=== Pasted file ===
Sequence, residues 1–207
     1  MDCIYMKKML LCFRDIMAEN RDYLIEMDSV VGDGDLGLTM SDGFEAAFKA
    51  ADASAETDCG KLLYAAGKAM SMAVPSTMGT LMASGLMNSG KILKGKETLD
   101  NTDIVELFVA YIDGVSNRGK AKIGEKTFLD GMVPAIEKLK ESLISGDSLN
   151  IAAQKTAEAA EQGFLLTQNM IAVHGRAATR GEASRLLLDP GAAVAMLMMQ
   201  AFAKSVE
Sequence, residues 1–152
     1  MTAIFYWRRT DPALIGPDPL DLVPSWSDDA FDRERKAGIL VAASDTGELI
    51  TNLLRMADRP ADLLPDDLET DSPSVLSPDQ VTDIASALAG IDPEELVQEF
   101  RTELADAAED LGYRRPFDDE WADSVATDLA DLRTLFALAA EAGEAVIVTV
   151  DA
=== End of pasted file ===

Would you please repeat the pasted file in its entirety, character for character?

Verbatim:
Sequence, residues 1–207
     1  MDCIYMKKML LCFRDIMAEN RDYLIEMDSV VGDGDLGLTM SDGFEAAFKA
    51  ADASAETDCG KLLYAAGKAM SMAVPSTMGT LMASGLMNSG KILKGKETLD
   101  NTDIVELFVA YIDGVSNRGK AKIGEKTFLD GMVPAIEKLK ESLISGDSLN
   151  IAAQKTAEAA EQGFLLTQNM IAVHGRAATR GEASRLLLDP GAAVAMLMMQ
   201  AFAKSVE
Sequence, residues 1–152
     1  MTAIFYWRRT DPALIGPDPL DLVPSWSDDA FDRERKAGIL VAASDTGELI
    51  TNLLRMADRP ADLLPDDLET DSPSVLSPDQ VTDIASALAG IDPEELVQEF
   101  RTELADAAED LGYRRPFDDE WADSVATDLA DLRTLFALAA EAGEAVIVTV
   151  DA